• The DSO recording of Copland’s Billy the Kid and Grohg, released on Naxos’s American Classics series and conducted by Slatkin, was nominated for the 2020 Grammy Award for Best Orchestral Performance. During 2018-2019, Naxos also released a DSO recording of John Williams’s Tuba Concerto featuring Principal Tuba Dennis Nulty on digital platforms, and the orchestra is featured performing James Newton Howard’s Violin Concerto with soloist James Ehnes on his 2018 recording.

  • The training ensembles of the Wu Family Academythe Civic Youth Ensembles and Detroit Community Ensembles – reached more than 800 participants. Over 13,000 students attended the DSO’s Educational Concert Series, with many tens of thousands more viewing them via Classroom Edition webcasts.

Financial Results

  • For the fiscal year ended August 31, 2019, the DSO reported an operating surplus for the seventh consecutive year. Total operating revenue was $29.17 million, while operating expenses totaled $29.15 million, generating an operating surplus of $20,000.

  • Total earned revenue increased to $8.98 million over the previous year’s $8.96 million, with a fifth consecutive year of increased ticket revenue. Ticket sales were up across all series and presentations, except for summer programming, which dipped due to weather.

  • Contributed revenue increased to $17.8 million over the previous year’s $17.53 million.

  • The DSO’s endowment continued to grow, ending the year at $55.3 million, after $3.6 million in contributions and $2.4 million in regular distributions.


  • New and re-elected Directors – The DSO Governing Members elected a new Director, Richard DeVore, and re-elected eight Directors to new three-year terms: Pamela Applebaum, Xavier Mosquet, Arthur C. Liebler, David T. Provost, Bernard I. Robertson, Nancy Schlichting, Kurtis T. Wilder, and M. Roy Wilson.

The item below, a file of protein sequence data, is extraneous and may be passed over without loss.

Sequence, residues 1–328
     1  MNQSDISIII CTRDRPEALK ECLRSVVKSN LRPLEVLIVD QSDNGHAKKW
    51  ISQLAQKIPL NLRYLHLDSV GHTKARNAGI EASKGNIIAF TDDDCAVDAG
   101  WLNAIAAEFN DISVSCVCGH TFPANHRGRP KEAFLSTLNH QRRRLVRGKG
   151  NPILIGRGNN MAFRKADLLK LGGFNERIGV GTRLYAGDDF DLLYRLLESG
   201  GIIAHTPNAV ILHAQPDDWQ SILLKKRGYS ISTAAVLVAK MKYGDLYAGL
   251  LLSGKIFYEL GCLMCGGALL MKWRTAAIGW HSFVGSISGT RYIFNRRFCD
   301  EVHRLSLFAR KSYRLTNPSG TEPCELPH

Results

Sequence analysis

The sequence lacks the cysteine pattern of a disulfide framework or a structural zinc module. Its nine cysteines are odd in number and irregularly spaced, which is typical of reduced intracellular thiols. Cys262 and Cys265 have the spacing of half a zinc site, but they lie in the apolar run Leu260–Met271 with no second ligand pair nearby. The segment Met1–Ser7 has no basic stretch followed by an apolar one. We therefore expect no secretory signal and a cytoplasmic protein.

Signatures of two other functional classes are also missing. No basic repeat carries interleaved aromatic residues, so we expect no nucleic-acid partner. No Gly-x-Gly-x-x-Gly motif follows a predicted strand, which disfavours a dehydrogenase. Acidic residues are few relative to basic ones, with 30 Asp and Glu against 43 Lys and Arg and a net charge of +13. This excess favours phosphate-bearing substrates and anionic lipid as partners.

• Re-elected Officers – The DSO Board of Directors elected its officers for 2020: Mark A. Davidoff (Chairman), Glenda D. Price (Vice Chair), Anne Parsons (President & CEO), Faye Alexander Nelson (Treasurer), Arthur T. O’Reilly (Secretary), Ralph J. Gerson (Officer at Large), David T. Provost (Officer at Large), Nancy Schlichting (Officer at Large), and Kurtis T. Wilder (Officer at Large).

  • New Trustees – The DSO Board of Directors re-elected Board of Trustees members and elected 11 new Trustees: Hadas Bernard, Janice Bernick, Peter Falzon, William Lentine, Anthony McCree, Anitha Mercy, Sandy Morrison, Mary Shafer, Richard Sonenklar, Yoni Torgow, and Donnell White.

  • New Governing Members Chair – The DSO Board of Directors elected a new Chair of the Governing Members, David Assemany, to a one-year term.

  • New Directors Emeriti – The DSO Board of Directors appointed three new Directors Emeriti: Chacona Baugh, Bonnie Larson, and David McCammon.

About the DSO

The most accessible orchestra on the planet, the acclaimed Detroit Symphony Orchestra is known for trailblazing performances, collaborations with the world’s foremost musical artists, and a deep connection to its city. As a community-supported orchestra, generous giving by individuals and institutions at all levels drives the continued success and growth of the institution. Conductor Leonard Slatkin, who recently concluded an acclaimed decade-long tenure at the helm, now serves as the DSO’s Music Director Laureate, endowed by the Kresge Foundation. Celebrated conductor, arranger, and trumpeter Jeff Tyzik is the orchestra’s Principal Pops Conductor, while the outstanding trumpeter and composer Terence Blanchard holds the Fred A. and Barbara M. Erb Jazz Creative Director Chair. Making its home at historic Orchestra Hall within the Max M. and Marjorie S. Fisher Music Center, the DSO offers a performance schedule that features Classical, PNC Pops, Paradise Jazz, and Young People’s Family Concert series. One of America’s most acoustically perfect concert halls, Orchestra Hall will celebrate its centennial in 2019-2020. In addition, the DSO presents the William Davidson Neighborhood Concert Series in seven metro area venues, as well as a robust schedule of eclectic multi-genre performances in its mid-size venue The Cube, constructed and curated with support from Peter D. & Julie F. Cummings. A dedication to broadcast innovation began in 1922, when the DSO became the first orchestra in the world to present a radio broadcast and continues today with the free Live from Orchestra Hall webcast series, which also reaches tens of thousands of children with the Classroom Edition expansion. With growing attendance and unwavering philanthropic support from the people of Detroit, the DSO actively pursues a mission to embrace and inspire individuals, families, and communities through unsurpassed musical experiences.